The mandrel must be removed before the manufacture of the tank can be completed. Removal can be facilitated, for instance, by forcing compressed air or water into the space between the mandrel and the tank (water to be used only if the mandrel has been enclosed in a rubber mat as mentioned above).
The final stage in the manufacture of the tank is illustrated in FIG. 6, this being the installation of a second end 18. This end, too, is premanufactured from an inner sheet, an insulation sheet and a covering sheet in the form of an integral sandwich construction. It is clear from FIG. 6 that the covering sheet of this end exhibits an overlap over the covering sheet of the cylindrical body.
In conjunction with the installation of the end, it may be necessary to have the internal support of a ring 19 which should be capable of being dismantled after installation of the end and of being removed through a hole in the tank, for example a manhole.
In this case, too, a plastic stocking 20 is slipped over the end 18 after the adhesive has been applied to the contact surfaces and is secured in position by means of a sealing ring 21 or possibly by means of tape. An opening 22 is connected to the vacuum source.
The mandrel used during manufacture may be of any desired cross-section, for example elliptical, square or rectangular, etc., and different types and sizes of tanks, cabinets and freight containers, etc., may be produced with advantage by this method.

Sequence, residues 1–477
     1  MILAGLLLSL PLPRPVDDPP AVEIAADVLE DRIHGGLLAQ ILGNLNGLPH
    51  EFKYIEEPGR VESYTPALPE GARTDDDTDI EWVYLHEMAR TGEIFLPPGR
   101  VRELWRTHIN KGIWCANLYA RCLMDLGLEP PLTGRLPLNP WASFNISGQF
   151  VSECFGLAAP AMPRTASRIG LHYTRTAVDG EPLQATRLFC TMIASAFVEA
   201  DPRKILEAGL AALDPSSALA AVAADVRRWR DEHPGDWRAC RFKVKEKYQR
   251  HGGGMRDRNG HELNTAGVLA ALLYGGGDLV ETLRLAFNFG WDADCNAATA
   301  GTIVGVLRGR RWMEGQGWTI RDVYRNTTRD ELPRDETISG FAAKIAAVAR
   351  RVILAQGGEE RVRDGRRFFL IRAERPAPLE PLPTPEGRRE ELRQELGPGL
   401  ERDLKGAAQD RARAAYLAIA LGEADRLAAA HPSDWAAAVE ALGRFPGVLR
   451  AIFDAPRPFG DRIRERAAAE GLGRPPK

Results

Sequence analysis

Even pipes of sandwich constructions can be manufactured by a substantially continuous process by causing the inner sheet, the insulation and the covering sheet to be wound onto the mandrel in the form of a spiral. In this case, of course, the manufacture in accordance with the invention enables very thin sheet to be used, definitely of less than 1 mm in thickness, and in many cases of less than 0.5 mm in thickness, thanks to the ability to achieve the necessary strength from the use of sandwich construction based on hard insulation. (Designs of a more conventional nature definitely call for the use of sheet with a thickness in excess of 1 mm). The expression sheet is capable of wide interpretation in this context and is not restricted to metal sheet.
The entire manufacturing process may, by the choice of appropriate layout and peripheral equipment, take place at a single station, with the guide 4, 10 and 13 being a single guide and with the adhesive sprays 5, 11 and 14 being a single spray. The guide/guides may be replaced by inner vacuum cups or similar.